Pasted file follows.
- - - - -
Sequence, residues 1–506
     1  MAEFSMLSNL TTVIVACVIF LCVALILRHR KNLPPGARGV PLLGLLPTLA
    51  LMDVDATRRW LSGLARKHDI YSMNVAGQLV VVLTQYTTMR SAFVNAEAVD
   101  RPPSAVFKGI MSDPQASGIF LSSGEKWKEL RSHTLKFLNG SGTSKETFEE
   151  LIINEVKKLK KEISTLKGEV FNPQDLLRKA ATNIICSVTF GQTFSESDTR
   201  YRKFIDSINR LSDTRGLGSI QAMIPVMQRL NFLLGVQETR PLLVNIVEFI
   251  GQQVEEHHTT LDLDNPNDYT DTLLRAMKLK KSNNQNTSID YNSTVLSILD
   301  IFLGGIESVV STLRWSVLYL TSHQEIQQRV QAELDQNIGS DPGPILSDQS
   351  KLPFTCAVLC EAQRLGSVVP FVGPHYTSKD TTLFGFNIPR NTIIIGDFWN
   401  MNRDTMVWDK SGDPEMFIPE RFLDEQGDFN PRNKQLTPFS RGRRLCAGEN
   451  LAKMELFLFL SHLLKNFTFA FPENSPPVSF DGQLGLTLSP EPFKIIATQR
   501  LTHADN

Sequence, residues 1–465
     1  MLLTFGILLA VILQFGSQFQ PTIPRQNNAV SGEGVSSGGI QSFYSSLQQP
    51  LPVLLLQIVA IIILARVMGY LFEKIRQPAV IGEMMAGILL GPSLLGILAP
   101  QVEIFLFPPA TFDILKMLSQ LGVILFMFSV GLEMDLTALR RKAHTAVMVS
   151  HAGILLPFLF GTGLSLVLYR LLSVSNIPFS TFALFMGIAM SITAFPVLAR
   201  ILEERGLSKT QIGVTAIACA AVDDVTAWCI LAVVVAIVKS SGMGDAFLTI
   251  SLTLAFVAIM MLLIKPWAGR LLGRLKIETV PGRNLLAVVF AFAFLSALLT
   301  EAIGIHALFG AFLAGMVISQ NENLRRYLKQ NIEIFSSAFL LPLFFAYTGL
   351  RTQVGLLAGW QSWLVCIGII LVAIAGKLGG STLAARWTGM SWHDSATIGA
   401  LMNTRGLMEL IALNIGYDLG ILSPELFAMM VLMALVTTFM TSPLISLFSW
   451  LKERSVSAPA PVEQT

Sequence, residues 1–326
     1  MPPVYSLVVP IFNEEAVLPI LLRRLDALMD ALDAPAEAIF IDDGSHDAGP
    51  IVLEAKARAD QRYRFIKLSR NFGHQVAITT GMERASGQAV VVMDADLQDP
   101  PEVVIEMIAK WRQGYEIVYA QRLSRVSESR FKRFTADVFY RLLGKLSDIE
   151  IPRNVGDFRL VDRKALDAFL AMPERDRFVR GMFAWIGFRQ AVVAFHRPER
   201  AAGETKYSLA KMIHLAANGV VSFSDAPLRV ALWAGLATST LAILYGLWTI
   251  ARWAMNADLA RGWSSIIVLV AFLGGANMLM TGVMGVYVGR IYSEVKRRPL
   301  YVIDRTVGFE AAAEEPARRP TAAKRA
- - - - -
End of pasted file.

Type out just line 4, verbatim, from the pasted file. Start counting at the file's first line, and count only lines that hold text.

   101  RPPSAVFKGI MSDPQASGIF LSSGEKWKEL RSHTLKFLNG SGTSKETFEE